Succession replacement required to achieve organizational goal
Right quality (KSAO’s) and right quantity (level) of people at right time are obviously required to achieve organizational goals. It can be ensured through Succession Management and Replacement. Due to retirement, dying, quiet or termination or growth of the organization, may organization face human resource crises. It can be mitigated through appropriate succession management and replacement.
Succession Management and Replacement
Succession management refers to the process of ensuring that pools of skilled employees are trained and available to meet the strategic objectives of the organization. Succession management might be viewed as part of the talent management process of an organization that focuses on the flow of employees, starting from selection to career management to exit, through the organization.
Replacement can be defined as the process of finding replacement employees for key managerial positions. If the CEO dies, who will be prepared to take over that position? Is there a replacement for the vice-president of marketing if she suddenly quits taking another job?
The 7 Most Important Reasons for Implementing Succession Planning
Succession planning is an all-encompassing process. It takes into account existing employees’ skill sets and strengths so you can ensure important positions within your company aren’t left vacant. The following are seven vital reasons you should have a succession plan in place in your organization:
i. Filling Future Vacancies
According to the survey, only about 37% of leaders cited filling future vacancies and shortages as a reason to implement succession planning within their company. This is an interesting finding, as one would think the filling of future vacancies is largely the foundation upon which succession planning was built. This begs the question: are you considering which of your existing employees could step into a critical role, should one become available? If not, you’re likely not properly preparing your current employees in ways that will help them grow within your organization. Bear in mind that succession planning is not only a pre-selection process; rather, it’s the development and enhancement of skills that can be further utilized when positions become available.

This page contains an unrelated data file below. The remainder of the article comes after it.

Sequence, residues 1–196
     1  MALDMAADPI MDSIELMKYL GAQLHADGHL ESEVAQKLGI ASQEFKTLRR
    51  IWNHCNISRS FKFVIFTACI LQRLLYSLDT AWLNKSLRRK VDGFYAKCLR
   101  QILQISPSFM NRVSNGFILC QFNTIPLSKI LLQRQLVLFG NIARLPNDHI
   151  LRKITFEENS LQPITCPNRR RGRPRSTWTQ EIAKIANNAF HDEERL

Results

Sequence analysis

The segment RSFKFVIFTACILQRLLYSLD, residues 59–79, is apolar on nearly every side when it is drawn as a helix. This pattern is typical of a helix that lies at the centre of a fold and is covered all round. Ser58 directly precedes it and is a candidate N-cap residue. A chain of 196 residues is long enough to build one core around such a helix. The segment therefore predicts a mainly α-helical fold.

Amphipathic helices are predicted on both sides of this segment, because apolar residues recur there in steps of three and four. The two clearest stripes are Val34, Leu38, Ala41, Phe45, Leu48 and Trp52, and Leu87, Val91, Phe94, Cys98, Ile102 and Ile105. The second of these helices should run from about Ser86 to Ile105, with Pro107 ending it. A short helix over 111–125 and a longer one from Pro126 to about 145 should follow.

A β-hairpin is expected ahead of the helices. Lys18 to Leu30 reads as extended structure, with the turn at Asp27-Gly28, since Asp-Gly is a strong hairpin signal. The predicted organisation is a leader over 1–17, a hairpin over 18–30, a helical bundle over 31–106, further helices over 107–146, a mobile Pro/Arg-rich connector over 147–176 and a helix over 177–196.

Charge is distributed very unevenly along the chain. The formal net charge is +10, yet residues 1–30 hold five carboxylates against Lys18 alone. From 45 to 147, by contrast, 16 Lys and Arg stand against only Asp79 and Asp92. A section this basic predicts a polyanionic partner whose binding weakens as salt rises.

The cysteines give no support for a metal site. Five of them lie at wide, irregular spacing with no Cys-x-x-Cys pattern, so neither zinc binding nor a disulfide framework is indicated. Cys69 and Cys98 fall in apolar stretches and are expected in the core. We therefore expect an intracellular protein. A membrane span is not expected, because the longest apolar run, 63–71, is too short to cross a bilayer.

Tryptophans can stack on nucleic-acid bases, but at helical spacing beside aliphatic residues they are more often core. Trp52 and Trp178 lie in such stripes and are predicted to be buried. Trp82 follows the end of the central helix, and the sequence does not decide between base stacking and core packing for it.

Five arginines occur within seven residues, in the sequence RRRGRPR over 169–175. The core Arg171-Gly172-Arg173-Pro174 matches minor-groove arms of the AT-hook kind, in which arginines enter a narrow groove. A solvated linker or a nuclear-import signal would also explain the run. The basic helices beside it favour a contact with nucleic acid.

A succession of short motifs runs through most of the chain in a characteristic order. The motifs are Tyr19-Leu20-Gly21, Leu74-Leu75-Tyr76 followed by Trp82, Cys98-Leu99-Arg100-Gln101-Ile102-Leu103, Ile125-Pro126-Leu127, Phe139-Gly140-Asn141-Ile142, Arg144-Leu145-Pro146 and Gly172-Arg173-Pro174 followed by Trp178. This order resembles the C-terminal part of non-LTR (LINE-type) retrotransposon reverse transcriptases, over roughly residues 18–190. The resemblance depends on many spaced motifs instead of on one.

ii. Gaining Greater Diversity, Equity, and Inclusion Among Leaders
In today’s world, it will likely not come as a surprise to you that 55% of survey respondents indicated they’re leaning on succession planning to gain greater diversity, equity, and inclusion among leaders. The responses, however, did vary between larger and smaller organizations, with larger organizations putting this as the top reason for having succession-planning processes, while smaller companies indicated this is the seventh most important reason.
iii. Increasing Talent Retention
Employee turnover is expensive, both from a financial perspective, as well as that of morale. Wise leaders look for ways to keep existing employees content by building their skillsets and finding ways for them to grow within their organizations. Succession planning can help you stave off a turnover and revel in the retention your efforts will glean you.
iv. Identifying Future Leaders
Who are your rock stars? Who are your go-getters?If you don’t know these answers, you’re probably not leveraging succession planning correctly. Your succession-planning program should help you identify future leaders who can step into vacant positions without batting an eye. If you’re not identifying your future leaders, you’re missing out on great prospects and the potential to turn lower-level employees into future leaders.
v. Preparing Future Leaders
Now that you’ve identified potential future leaders, what are you going to do to prepare them to step into their roles when positions open up? Preparing future leaders was cited by about half of survey respondents, indicating that the need to put job skills in place as early on as possible is important. You should be focusing on leadership readiness, particularly for key positions, because it can take time to hone one’s skills such that one’re able to successfully lead. This is why it’s important to identify potential leaders early on and get them into the mix of your succession plan.
vi. Creating Opportunities for Career Advancement
During the Great Resignation of 2021, a lot of companies were forced to realize that they were not providing employees with the futures they desire. Somewhere around 4 million Americans quit their jobs in July 2021 alone, ushering in a phenomenal job shortage in the U.S.Did people quit because they don’t want a paycheck. Of course not. Sure, there were probably some extenuating circumstances, but in many instances, employees realized they weren’t getting the leverage they need to be better in the workplace. They wanted more money, better titles, and higher levels of responsibility than their companies were willing to afford them. If you’re not creating opportunities for career advancement, you should expect to realize high rates of attrition and overall talent shortages because, rest assured, top talent is seeking opportunities elsewhere.
vii. Risk of Loss
Surprisingly, less than a quarter of survey respondents indicated the risk of loss as one of the key reasons they wanted to implement succession planning into their HR programs. Succession planning shouldn’t only take skills into account—it should also reach for higher levels of employee engagement. Risk of loss means you should be asking your leaders if employees are excited about their positions, and if they’re not, maybe you should be looking for opportunities within your company that make them happy to come to work.